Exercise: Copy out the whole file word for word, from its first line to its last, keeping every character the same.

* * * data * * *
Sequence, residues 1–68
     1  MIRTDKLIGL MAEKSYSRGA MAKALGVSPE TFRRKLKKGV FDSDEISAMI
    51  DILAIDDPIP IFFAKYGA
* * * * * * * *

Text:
Sequence, residues 1–68
     1  MIRTDKLIGL MAEKSYSRGA MAKALGVSPE TFRRKLKKGV FDSDEISAMI
    51  DILAIDDPIP IFFAKYGA